First, I'd like to suggest that Ada take a look at the following link: http://leo.stcloudstate.edu/acadwrite/logic.html, (with particular attention to the "false cause" and "hasty generalization" headings) It's a list of the most common "logical fallacies", many of which are represented in her post. If you're going to make an argument, make sure it's based on sound reasoning. (Seriously, I'm supposed to believe that EVERYONE on psych meds eventually becomes a zombie? And a biased web page about pain medication is the evidence to support this?)

More importantly, there is no one-size-fits-all treatment for depression (or any other mental disorder)- every individual is different and should be free to choose the treatment(s) that best meet his/her individual needs. While there are risks to using medications, there are also many benefits. Many patients have been saved from suicide because of responsibly prescribed anti-depressants. Additionally, research has shown that quite often (perhaps most often), the most effective treatment for depression includes both medication AND psychotherapy.

The greatest danger in treating mental disorders is seeing mental health as a black-or-white issue.

DSM-5

The concept of mental illness was invented to explain the unusual and disturbing actions of individuals at a time when better and more valid explanations were not generally available. The mental illness explanations also legitimized the incarceration and mistreatment of these individuals.

The concept of mental illness is exactly analogous to the concept of witchcraft, which was invented in pre-scientific times to explain adverse phenomena such as crop failures and epidemics.

The problem is not DSM 5. The problem is DSM. The psychiatric-pharmaceutical consortium has succeeded in promoting the false and spurious notion that virtually every human problem is a mental illness and needs to be “treated” by drugs.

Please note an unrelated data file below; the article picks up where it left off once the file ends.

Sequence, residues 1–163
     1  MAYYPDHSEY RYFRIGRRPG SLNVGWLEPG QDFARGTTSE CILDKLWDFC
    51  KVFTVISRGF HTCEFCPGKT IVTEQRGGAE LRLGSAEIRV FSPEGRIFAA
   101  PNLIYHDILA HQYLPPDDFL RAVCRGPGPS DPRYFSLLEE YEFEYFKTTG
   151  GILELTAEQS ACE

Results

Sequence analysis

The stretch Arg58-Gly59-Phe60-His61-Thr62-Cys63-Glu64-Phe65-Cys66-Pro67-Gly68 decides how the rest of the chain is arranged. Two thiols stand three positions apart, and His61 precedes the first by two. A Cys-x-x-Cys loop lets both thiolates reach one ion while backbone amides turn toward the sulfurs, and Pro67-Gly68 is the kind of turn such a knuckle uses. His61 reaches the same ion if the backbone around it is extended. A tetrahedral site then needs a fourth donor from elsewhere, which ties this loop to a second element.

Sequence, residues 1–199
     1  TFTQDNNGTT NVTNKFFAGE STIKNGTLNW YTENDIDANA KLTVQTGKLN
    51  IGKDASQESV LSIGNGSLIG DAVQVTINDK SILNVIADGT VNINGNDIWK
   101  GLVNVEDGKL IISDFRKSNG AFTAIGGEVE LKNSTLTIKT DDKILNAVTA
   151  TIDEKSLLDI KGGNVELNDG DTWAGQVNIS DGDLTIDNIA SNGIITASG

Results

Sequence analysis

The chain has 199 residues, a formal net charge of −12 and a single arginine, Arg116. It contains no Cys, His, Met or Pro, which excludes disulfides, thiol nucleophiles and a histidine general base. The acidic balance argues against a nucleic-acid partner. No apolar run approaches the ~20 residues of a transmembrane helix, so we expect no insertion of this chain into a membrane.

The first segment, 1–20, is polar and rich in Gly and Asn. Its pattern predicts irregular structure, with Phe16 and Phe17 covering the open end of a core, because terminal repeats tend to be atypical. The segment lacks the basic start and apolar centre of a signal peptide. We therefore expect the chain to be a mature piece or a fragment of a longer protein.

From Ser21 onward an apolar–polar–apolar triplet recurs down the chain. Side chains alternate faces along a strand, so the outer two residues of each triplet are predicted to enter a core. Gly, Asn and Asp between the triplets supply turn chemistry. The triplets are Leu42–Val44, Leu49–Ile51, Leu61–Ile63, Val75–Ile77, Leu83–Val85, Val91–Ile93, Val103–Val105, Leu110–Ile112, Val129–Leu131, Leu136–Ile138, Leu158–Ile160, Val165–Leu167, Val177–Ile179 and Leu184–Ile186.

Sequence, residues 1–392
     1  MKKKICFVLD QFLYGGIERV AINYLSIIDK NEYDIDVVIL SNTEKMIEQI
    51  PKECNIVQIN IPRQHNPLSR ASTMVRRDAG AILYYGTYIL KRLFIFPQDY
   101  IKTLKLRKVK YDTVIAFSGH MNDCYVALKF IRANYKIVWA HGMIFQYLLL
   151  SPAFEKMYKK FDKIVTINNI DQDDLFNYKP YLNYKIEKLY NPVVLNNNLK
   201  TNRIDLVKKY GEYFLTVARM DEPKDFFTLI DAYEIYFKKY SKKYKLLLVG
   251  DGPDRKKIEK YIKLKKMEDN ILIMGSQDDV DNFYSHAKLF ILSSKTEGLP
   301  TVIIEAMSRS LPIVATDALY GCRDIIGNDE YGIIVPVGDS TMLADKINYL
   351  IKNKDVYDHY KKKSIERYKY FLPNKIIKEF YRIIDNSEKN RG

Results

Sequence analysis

Perhaps the most profound tragedy in this sordid affair is the embracing by professional psychology of this spurious and destructive conceptual framework. Psychology is the science of human behavior! Yet our professional associations and individual members have endorsed DSM as if it were the Holy Grail. A large portion of our licensing exam is based on DSM, which is a bit like requiring Ag majors to know the signs of witchcraft and the various methods witches use to destroy crops.

What we don’t need is more psychological involvement and input into DSM 5. What we need is to exit stage. Psychology needs to distance itself from the so-called mental health field and begin developing areas of expertise and methods of effective intervention in the very many behavioral problem areas that beset the human race, e.g. crime, obesity, addiction, exploitation, discrimination, traffic accidents, poverty, pollution, war, etc., etc..

Philip Hickey, PhD
http://behaviorismandmentalhealth.com

I fully agree that psychiatry

I fully agree that psychiatry is akin to a witchhunt.
It has graced human civilization with lobotomies, electroshock therapy, and the current chemical lobotomy provided by drugs.
There are numerous well-founded studies on the dangers of these drugs and their (often permanent) side effects, yet they are pushed on patients under the guise of treatment.
Soon sleeping in on the weekend will qualify as a disorder in the DSM, if it already hasn't.
When patients rightfully refuse medications, it is deemed yet another disease, or a symptom of disease, and the dose is increased or forced.
The saddest thing of all is those who have been on these medications long enough to realize the full lobotomy will argue and chastise others who disagree, often with venom and abuse. Yet, they purport that they are "cured" while exhibiting anger and rage.
The saddest part of this is that Western children are being experimented on under the guise of "medicine". Frightening. This will be the largest instance of human rights abuse for pharmaceutical profit.

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Stephen Diamond, Ph.D., is a clinical and forensic psychologist in LA and the author of Anger, Madness, and the Daimonic: The Psychological Genesis of Violence, Evil, and Creativity.